After attaching the wings and fixing the camo – all of which required only about 30min to complete – I began applied the few decals required. These included the serial number, nose art as well as the mission markers and the “She’s Apples” below the rear gunner station.
Contemporary pictures show the aircraft to be relatively clean and well maintained despite the harsh environment.
I kept the weathering fairly restrained with some fading, staining and chipping but by no means was this an aircraft showing a lot of wear. Looking at pictures of the model now I think I was a bit too restrained – I think it needs a bit more fading and grime. As usual I used ground up artist’s pastels applied with a stiff brush for the staining and a silver pencil for the chipping.
With paint and weathering now sealed with a flat coat I flipped the Boston on it’s back and completed the underside to complete the undercarriage and other minor assemblies prior to turning it over again for the final assembly and completion.
With the model now on its wheels, I worked on the forward guns, drilling out the ports in the painted-over nose glass and installed aftermarket resin gun barrels purchased specifically for this project.
Unusually for me I decided to pose the canopy open, though aside from the resin life raft painted yellow there’s not much to see.
So, this is my second AMT Boston – Chet Popplewell’s A-20 Boston was the first – and I feel this one is certainly much better than the first; it only took about twelve years to get it there!
References and Credits
- The Australian War Memorial website; No.22 Squadron Image Search
Copyright: I claim original work and Copyright 2019 for the text in this article and the photos of the model. As usual though, I am indebted for the material used in research listed above in the References and Credits section. Except where noted otherwise, I sourced all other images and photos from the internet and are used under fair-use. Any copyrighted images will be removed or credited forthwith upon request by its rightful owner.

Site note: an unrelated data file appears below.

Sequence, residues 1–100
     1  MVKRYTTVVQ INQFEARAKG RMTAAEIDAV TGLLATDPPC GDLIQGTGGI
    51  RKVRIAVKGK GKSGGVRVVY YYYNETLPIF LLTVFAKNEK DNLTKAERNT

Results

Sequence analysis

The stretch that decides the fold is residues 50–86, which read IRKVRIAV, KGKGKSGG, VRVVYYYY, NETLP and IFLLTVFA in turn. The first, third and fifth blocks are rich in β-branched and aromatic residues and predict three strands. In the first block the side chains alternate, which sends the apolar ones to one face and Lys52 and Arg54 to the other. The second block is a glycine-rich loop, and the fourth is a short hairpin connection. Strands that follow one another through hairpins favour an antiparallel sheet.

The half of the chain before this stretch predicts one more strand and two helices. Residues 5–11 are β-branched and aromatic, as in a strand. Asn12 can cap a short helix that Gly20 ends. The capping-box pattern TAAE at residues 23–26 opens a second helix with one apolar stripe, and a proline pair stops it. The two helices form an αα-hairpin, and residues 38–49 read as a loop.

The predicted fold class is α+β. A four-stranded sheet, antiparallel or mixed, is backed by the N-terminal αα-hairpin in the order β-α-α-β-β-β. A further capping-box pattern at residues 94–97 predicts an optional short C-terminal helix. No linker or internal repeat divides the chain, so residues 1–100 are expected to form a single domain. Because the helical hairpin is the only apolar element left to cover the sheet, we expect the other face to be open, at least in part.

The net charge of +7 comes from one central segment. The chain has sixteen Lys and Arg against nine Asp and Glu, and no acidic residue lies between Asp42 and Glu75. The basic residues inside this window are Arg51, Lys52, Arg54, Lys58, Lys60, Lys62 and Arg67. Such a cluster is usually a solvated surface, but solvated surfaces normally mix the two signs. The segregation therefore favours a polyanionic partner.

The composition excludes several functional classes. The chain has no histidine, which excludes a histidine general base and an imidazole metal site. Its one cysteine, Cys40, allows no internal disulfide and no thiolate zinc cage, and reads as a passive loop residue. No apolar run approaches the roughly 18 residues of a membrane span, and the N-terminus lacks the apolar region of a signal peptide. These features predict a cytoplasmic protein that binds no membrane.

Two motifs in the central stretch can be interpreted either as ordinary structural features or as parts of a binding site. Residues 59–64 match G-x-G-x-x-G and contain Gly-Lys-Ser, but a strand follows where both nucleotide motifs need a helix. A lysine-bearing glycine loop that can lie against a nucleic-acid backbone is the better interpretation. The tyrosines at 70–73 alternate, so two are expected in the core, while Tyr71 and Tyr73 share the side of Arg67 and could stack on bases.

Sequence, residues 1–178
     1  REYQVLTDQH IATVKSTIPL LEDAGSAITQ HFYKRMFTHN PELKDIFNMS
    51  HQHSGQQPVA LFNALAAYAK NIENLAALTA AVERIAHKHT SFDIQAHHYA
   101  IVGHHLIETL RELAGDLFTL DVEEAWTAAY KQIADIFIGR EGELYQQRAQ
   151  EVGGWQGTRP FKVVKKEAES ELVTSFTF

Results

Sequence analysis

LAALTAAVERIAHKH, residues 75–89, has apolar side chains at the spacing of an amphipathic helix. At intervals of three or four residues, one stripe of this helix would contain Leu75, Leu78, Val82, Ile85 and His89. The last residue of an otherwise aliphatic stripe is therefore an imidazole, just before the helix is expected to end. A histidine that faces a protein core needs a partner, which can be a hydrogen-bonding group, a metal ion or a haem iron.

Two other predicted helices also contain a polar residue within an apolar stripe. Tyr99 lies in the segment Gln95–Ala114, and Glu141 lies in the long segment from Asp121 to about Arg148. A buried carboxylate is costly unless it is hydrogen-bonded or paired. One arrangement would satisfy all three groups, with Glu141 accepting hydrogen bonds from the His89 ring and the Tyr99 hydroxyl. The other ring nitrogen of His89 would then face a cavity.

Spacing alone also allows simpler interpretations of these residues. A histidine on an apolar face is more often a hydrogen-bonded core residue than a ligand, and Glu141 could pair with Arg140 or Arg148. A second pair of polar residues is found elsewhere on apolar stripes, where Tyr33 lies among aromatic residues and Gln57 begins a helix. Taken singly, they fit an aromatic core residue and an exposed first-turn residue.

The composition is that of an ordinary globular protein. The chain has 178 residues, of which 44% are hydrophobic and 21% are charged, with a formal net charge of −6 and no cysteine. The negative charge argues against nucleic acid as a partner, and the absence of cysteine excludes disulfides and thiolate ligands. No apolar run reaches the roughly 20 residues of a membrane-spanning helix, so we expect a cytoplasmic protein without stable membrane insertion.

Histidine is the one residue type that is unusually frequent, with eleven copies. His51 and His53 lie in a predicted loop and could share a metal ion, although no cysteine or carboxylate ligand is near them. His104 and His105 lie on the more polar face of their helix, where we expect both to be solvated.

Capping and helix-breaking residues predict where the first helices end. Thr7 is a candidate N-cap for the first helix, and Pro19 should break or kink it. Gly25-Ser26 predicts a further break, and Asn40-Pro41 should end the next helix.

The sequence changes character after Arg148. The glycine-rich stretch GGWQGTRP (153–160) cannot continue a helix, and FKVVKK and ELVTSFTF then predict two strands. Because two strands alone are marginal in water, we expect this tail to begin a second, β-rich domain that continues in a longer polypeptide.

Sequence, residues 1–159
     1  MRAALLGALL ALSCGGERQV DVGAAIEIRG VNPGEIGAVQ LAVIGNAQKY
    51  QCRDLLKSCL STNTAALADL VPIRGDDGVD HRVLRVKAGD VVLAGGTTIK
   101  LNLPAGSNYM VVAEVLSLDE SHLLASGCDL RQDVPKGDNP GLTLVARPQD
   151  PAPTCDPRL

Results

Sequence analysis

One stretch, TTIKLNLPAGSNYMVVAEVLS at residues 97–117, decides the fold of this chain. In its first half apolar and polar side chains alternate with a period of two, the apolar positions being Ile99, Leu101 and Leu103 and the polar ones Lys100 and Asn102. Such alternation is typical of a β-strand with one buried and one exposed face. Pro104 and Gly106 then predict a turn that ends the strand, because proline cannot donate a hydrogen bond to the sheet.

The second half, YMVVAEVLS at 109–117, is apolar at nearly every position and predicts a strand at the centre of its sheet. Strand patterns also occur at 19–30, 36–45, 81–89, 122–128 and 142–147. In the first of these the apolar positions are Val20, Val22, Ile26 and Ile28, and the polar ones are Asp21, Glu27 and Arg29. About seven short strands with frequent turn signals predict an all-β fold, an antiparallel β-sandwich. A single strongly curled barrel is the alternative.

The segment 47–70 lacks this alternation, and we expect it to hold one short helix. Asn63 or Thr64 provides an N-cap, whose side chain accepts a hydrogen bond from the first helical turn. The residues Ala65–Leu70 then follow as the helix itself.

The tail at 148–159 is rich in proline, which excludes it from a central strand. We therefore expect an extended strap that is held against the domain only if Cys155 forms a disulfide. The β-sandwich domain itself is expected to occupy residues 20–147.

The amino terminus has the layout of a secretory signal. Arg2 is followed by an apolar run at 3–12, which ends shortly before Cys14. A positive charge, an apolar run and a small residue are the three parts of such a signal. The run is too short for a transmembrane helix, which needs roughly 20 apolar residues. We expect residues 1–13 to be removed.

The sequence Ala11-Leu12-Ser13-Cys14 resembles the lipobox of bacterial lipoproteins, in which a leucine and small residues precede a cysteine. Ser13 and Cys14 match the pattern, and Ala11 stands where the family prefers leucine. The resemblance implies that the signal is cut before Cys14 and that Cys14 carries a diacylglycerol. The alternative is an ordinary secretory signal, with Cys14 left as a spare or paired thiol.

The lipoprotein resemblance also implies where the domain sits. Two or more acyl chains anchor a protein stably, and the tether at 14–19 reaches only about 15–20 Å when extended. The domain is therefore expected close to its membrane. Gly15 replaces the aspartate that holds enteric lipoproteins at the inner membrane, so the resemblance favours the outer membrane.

Very nicely done. I have one still in his box since the 1980s. It now seems more interesting to build some day. Very interesting story also about that part of the Pacific war.
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Thank you Pierre. It’s a kit very much worth building, and there are some great Canadian subjects to build too.
The AMT Havoc I have is the nightfighter version. I could not get my hands on your version with the glass nose.
An article here
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The Boston doesn’t get its due, does it? I read a long time ago about an RCAF Boston doing night operations in Europe. Something about having a machine gun pack in its belly and loitering around German air bases looking for airplanes landing.
You did an excellent job with that model. Well done! I’m on the hunt for a P-70 but they are hard to come by.
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Thanks. Yes, the more I read about the Boston the more I found to like, and stories there were to tell. I almost made this one a night fighter, or one of 88 Squadron’s smoke laying Bostons at Dieppe but in the end settled on an RAAF aeroplane because I found the pic of it under maintenance at the AWM site.
It’s a great finish and a very interesting write up. A very much underrated aircraft that achieved a great deal.